They will use these events to create spaces for both networking and education – bringing together activists from various environments, ranging from the local initiatives to the international climate justice movements – and for bold and attractive protests against coal infrastructure, putting a spotlight on the need for a profound change in the trajectory of the energy systems and strengthening the sense of a “climate momentum” in Czech society. In 2020, these protests will be connected to the international “By 2020 We Rise Up” campaign. In the meantime, the team will maintain the pressure with small “keep showing up” actions in major cities.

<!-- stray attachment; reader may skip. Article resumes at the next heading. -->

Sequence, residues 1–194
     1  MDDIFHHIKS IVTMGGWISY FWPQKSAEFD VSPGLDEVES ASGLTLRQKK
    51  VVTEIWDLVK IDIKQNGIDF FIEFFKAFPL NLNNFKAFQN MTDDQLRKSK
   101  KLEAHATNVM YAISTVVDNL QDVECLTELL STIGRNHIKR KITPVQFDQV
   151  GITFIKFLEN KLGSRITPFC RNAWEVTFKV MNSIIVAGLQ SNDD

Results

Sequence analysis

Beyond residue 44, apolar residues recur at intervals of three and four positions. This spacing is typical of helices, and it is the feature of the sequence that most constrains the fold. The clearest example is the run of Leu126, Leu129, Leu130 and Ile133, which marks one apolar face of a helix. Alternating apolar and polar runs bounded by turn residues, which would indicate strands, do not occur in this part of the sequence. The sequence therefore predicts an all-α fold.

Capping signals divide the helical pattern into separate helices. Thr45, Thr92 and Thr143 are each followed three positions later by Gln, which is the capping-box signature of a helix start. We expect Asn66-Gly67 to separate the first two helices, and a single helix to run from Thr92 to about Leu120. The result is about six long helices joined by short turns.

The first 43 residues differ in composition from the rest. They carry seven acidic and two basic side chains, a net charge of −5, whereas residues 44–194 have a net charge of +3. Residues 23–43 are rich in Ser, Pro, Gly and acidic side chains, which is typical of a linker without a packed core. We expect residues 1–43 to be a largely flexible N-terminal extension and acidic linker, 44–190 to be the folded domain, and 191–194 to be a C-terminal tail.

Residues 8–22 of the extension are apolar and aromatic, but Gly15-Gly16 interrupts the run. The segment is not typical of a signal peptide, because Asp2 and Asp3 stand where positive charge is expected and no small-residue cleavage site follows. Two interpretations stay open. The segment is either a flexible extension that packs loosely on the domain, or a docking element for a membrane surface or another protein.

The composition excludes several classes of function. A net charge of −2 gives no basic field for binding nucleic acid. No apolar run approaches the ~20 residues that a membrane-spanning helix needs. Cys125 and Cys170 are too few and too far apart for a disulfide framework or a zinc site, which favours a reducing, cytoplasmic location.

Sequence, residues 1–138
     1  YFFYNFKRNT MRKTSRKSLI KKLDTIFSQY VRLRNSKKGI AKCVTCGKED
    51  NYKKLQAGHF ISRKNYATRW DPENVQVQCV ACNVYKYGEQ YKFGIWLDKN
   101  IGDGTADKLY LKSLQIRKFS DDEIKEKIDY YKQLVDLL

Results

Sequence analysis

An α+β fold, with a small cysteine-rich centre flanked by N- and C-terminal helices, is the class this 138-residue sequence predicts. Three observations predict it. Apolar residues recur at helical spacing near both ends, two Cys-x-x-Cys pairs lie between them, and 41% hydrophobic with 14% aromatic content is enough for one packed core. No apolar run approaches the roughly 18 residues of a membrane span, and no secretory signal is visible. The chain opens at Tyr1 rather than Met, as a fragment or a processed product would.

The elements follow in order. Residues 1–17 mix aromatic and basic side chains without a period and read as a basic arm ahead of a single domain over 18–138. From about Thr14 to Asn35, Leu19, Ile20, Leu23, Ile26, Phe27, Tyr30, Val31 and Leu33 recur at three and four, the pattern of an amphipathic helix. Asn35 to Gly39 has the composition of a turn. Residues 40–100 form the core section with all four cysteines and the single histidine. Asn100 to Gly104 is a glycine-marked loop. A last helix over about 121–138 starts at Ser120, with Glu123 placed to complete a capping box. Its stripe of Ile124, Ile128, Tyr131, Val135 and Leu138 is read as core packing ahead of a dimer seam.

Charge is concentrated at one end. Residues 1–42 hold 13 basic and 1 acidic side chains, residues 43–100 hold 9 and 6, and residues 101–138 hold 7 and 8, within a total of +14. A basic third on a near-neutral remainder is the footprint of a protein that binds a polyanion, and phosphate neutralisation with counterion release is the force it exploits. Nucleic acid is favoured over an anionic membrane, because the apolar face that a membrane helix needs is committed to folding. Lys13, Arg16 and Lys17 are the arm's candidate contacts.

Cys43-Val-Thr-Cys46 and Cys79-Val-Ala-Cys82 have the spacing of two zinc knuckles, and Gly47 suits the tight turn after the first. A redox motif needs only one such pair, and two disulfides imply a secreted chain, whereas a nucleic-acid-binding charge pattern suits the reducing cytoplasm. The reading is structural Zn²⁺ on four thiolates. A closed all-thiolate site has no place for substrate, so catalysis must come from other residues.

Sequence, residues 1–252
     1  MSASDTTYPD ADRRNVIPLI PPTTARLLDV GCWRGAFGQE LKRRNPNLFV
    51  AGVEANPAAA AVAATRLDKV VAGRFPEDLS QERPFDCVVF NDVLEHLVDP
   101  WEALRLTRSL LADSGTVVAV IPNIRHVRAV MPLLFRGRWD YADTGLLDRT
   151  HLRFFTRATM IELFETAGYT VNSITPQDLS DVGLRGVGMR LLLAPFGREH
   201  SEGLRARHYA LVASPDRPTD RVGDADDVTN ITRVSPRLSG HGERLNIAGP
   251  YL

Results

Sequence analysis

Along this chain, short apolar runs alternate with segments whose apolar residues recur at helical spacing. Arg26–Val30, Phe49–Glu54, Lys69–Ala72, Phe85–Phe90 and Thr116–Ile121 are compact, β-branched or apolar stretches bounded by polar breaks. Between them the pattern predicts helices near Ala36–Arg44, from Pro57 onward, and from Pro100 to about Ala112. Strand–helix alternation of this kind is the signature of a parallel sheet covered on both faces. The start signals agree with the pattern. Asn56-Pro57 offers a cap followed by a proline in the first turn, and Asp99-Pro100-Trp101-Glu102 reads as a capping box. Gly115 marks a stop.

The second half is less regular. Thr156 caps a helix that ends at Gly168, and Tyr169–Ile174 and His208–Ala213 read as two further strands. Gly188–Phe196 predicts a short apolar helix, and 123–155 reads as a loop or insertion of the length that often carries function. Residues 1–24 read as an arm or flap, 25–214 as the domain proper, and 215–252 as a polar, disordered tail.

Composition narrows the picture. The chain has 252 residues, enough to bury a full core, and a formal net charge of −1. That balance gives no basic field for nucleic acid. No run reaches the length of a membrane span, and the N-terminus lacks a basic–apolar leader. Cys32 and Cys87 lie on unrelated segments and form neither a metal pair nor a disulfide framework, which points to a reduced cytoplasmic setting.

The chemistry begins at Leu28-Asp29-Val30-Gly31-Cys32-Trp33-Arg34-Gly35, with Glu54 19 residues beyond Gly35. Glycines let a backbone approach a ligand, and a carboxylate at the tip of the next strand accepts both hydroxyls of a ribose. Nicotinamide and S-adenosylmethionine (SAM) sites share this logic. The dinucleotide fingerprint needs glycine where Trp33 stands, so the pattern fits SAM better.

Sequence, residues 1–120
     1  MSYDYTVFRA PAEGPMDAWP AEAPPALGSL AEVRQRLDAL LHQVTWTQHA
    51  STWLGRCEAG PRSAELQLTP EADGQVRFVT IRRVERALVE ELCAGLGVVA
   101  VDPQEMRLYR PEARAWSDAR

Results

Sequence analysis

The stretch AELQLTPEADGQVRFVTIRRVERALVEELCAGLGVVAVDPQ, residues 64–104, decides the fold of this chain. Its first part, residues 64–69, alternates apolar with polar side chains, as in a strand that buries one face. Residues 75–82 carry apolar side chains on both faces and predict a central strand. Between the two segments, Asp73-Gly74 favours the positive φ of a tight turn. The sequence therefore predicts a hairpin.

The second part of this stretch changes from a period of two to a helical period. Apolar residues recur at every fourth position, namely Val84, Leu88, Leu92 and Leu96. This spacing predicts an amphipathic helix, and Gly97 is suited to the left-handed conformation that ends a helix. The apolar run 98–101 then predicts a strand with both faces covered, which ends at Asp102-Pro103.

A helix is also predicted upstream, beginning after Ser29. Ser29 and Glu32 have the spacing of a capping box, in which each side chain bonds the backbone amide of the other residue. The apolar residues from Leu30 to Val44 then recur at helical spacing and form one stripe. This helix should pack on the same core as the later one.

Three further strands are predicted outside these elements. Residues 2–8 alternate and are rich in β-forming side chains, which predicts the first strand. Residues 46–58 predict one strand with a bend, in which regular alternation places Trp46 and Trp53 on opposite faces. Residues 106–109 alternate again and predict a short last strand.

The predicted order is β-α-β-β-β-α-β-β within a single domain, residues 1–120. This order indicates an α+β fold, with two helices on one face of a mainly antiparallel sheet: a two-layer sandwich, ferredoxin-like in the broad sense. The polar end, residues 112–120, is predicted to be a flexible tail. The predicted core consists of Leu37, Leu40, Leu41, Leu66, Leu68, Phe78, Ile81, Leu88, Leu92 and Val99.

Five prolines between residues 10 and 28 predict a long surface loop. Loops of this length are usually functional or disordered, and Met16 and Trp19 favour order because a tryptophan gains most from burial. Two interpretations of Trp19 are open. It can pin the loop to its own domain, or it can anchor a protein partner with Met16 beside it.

In the meantime, Limity jsme my will concentrate more specifically on growing the movement as such, helping it create sustainable structures, build capacities and reach into new areas both socially and geographically. They will do this by building new connections, supporting the organising of more semi-autonomous climate justice groups, and putting more emphasis on sharing activist skills and helping people to organise.
Here is a specific list of connected actions we’ll be backing. The team will choose how to use the funding best towards meeting these goals: